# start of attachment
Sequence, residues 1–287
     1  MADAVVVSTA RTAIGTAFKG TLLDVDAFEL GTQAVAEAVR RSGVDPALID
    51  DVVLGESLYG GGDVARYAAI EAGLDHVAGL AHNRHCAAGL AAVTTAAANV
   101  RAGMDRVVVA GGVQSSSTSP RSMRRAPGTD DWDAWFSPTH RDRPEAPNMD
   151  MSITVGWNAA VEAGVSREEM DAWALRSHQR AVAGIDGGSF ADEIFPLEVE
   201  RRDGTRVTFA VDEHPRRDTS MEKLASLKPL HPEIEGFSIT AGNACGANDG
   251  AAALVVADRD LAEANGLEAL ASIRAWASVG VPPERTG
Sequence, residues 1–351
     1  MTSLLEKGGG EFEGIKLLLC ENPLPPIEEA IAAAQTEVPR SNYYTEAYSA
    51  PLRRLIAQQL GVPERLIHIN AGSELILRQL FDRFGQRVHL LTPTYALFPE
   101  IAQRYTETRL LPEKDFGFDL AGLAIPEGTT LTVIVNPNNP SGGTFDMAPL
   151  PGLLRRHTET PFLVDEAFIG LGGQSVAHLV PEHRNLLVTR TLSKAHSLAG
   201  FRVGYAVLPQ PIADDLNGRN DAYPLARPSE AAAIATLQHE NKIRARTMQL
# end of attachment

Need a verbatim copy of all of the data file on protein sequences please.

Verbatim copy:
Sequence, residues 1–287
     1  MADAVVVSTA RTAIGTAFKG TLLDVDAFEL GTQAVAEAVR RSGVDPALID
    51  DVVLGESLYG GGDVARYAAI EAGLDHVAGL AHNRHCAAGL AAVTTAAANV
   101  RAGMDRVVVA GGVQSSSTSP RSMRRAPGTD DWDAWFSPTH RDRPEAPNMD
   151  MSITVGWNAA VEAGVSREEM DAWALRSHQR AVAGIDGGSF ADEIFPLEVE
   201  RRDGTRVTFA VDEHPRRDTS MEKLASLKPL HPEIEGFSIT AGNACGANDG
   251  AAALVVADRD LAEANGLEAL ASIRAWASVG VPPERTG
Sequence, residues 1–351
     1  MTSLLEKGGG EFEGIKLLLC ENPLPPIEEA IAAAQTEVPR SNYYTEAYSA
    51  PLRRLIAQQL GVPERLIHIN AGSELILRQL FDRFGQRVHL LTPTYALFPE
   101  IAQRYTETRL LPEKDFGFDL AGLAIPEGTT LTVIVNPNNP SGGTFDMAPL
   151  PGLLRRHTET PFLVDEAFIG LGGQSVAHLV PEHRNLLVTR TLSKAHSLAG
   201  FRVGYAVLPQ PIADDLNGRN DAYPLARPSE AAAIATLQHE NKIRARTMQL